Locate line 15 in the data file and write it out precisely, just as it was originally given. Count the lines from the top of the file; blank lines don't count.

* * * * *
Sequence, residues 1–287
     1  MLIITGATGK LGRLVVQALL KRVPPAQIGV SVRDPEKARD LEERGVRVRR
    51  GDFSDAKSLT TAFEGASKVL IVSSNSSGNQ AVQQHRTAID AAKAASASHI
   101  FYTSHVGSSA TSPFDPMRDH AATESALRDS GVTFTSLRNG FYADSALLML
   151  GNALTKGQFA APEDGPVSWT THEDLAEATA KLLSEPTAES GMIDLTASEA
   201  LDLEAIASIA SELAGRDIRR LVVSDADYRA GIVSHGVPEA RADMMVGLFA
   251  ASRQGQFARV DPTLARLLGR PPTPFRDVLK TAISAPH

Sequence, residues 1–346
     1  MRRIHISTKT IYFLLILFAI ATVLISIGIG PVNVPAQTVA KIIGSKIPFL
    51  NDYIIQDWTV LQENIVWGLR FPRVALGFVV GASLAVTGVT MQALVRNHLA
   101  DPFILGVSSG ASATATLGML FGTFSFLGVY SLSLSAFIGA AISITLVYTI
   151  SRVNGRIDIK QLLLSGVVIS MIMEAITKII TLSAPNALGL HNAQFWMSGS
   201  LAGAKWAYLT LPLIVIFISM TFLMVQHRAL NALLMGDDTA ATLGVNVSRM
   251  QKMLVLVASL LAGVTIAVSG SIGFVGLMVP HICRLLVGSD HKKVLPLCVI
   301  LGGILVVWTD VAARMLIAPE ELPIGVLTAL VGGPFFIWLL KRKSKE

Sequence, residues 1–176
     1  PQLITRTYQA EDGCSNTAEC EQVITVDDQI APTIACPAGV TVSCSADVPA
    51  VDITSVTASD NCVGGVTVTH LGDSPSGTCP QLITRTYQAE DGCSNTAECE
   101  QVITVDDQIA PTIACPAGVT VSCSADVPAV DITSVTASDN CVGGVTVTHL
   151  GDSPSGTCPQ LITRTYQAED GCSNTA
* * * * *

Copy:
   301  LGGILVVWTD VAARMLIAPE ELPIGVLTAL VGGPFFIWLL KRKSKE